The room was full, around seventy odd, people standing at the back, and they came to listen to the Highlanders tell their community’s stories of their recent history and in some cases not so recent. The Glen Wyvis story went back to the Jacobites, but I digress. The videos will be out shortly. Maggie started the trio off after Kristin introduced the breakout session by telling us about Nordic Horizons which was set up in 2010 to learn and exchange knowledge from our near neighbours around the Arctic Circle. Over the years there have been 40 events learning about the Scandinavian experience in diverse subjects such as kindergarten, cycling, constitution and oil.
The name Eigg comes from Old Norse meaning the edge of a blade. Although I knew the background to the buy out it was interesting to hear first hand the transfer of the island from Schellenberg to Maruma and finally to the Community of Eigg. From degradation to mystery and finally to rejuvenation. The plans continue and currently they are investigating growing their community hub as its needs has outgrown its original structure. The story of their renewable energy system is immense and the combination of hydro, solar and wind for local use must be a way to go in many rural, remote communities. The most telling statistic of all is the population increase of around 60 during the buyout to over a 100 now. Huge amount of hard work, volunteering, and dedication has gone into the story and it is continuing. Listening to the story I could not help reflecting on what is happening back home and how the residents of Eigg talk naturally about Community Owned Assets. I think this very natural idea has not been accepted yet on our peninsula. I may be wrong and often am but I know that a number of our community desire and are very capable of running such assets and this is one of the missed opportunities in the Trust Consultation. While I was involved it was brought up several times but never quite made it into any of the documents. I have since dropped out and this may have changed, but until the Community Company/Community has access to Community Assets we will not be able to replicate the wonderful work carried out on Eigg.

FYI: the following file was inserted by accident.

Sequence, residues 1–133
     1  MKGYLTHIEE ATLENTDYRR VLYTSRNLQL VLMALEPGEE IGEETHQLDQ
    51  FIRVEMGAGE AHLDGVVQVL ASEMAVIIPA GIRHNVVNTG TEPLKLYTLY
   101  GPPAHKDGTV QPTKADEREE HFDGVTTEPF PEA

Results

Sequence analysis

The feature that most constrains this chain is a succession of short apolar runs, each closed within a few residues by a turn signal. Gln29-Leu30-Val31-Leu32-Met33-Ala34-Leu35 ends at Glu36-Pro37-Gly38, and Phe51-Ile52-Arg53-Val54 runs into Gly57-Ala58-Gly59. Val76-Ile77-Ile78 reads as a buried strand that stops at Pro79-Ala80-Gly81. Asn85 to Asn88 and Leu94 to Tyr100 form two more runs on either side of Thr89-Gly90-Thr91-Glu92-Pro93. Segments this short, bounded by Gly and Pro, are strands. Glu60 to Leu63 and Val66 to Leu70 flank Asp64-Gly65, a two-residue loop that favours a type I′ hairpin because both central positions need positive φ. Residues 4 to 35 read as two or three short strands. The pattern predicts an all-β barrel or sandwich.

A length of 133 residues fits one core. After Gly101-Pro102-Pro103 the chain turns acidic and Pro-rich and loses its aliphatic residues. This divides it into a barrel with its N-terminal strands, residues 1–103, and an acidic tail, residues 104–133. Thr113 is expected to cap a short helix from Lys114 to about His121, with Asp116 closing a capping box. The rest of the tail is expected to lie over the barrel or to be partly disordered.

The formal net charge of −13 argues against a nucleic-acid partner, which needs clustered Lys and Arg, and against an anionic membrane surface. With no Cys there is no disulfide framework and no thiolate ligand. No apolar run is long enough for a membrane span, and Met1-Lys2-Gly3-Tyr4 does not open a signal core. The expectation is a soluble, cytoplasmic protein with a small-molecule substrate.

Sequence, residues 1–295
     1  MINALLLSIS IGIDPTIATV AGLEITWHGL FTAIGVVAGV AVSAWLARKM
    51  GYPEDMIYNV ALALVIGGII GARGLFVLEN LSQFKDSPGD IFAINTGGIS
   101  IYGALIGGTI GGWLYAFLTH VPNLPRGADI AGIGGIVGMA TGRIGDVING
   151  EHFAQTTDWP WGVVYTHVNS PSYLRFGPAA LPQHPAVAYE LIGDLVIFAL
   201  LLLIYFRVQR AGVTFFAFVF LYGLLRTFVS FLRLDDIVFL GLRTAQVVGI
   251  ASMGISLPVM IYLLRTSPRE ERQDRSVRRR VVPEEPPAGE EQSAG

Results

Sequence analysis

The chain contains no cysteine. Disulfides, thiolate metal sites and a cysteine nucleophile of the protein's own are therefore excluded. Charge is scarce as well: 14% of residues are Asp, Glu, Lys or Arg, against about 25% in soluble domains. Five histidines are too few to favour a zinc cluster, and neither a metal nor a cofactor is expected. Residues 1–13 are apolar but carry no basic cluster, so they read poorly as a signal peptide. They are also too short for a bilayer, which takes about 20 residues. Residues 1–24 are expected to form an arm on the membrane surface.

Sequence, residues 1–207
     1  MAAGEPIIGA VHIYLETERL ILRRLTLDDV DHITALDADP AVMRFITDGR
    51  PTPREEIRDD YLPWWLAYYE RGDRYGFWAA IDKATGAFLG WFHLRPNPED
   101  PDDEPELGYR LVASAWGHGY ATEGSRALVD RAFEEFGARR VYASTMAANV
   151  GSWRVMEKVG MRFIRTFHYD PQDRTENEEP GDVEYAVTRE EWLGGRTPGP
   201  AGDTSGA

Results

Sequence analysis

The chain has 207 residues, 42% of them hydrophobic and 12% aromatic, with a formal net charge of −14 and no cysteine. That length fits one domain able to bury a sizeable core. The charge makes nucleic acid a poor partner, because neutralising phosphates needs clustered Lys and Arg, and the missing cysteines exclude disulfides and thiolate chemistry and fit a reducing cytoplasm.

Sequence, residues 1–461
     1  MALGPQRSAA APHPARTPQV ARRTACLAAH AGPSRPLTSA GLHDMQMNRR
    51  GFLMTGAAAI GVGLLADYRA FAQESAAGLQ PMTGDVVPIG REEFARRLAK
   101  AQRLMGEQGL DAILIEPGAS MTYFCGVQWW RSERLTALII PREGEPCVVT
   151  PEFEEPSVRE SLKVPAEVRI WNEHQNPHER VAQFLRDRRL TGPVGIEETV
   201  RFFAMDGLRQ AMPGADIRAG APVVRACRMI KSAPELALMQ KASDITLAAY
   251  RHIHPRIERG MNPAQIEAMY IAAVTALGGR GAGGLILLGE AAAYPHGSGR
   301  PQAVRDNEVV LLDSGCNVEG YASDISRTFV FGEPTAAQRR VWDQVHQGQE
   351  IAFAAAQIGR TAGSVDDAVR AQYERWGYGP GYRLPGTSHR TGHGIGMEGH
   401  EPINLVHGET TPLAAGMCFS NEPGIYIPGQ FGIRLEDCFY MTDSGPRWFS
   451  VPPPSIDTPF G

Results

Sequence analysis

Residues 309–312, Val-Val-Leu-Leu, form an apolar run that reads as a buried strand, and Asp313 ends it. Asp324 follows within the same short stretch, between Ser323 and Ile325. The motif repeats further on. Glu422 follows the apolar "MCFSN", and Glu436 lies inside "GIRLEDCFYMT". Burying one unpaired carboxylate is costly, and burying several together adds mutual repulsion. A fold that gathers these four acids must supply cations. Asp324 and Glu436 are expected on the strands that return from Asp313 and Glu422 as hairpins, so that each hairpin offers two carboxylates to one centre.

Next up was John,
the Flying Farmer, who is the powerhouse behind Glen Wyvis Distillery. Fascinating history of distilling around the Dingwall (another Norse name) and Black Isle area. This was followed by some professional videos and beautiful scenic views showing off the best of the Scottish wild landscape. I invested in the distillery some months ago and hearing about the renewable side to the venture I may put another sum into it as the plan is to produce around 500kWhs and have the operation run 100% on renewable energy. Do not know where John gets his energy from but it appears unlimited. I am taking two or three steps back and will be doing more of that in the near future, need to rejuvenate some energy from some where.
Alison was next up
and told the story of the Applecross Community Company, the Filling Station, the Broadband and the Hydro Scheme and possible future developments. Imagine if access to land was added to this list……..Needless to say that the session over ran but the interest stayed until the end, Eigg and Applecross are already on the map and are now known around the Arctic Circle and I would reckon there may be a wee spike in investments to the only renewable energy distillery at Glen Wyvis.
So our weekend draws to close and while waiting for Alison to meander through the Harpa shop a couple of American students struck up a lovely warm conversation which began by asking what I thought of our FM Nicola Sturgeon. They thought she was the best ambassador a country could have. Chatted for quite a while and the conversation ranged across all issues affecting land in Scotland to health in America. If they weren’t Socialists they were pretty close to it and it must be good for their nation to have sharp minds like theirs come to conferences like the Arctic Circle. They have a standing invite if they ever make it to Applecross and we left in good cheer.Walked down town
through the Flea Market and back up rather tired to the accommodation.
It must be good that people to know the positive steps taken forward by the communities in the Highlands and in our case despite the people in control rather than with their help. The evening ended with a late night wander through the town centre and back down to the Harpa Centre
thinking about all the folk we have met over the weekend, Rasmus, Anders, John, Maggie, Kirsty,
Graham and many others.
Going to be a tourist for the next three days and looking forward to it.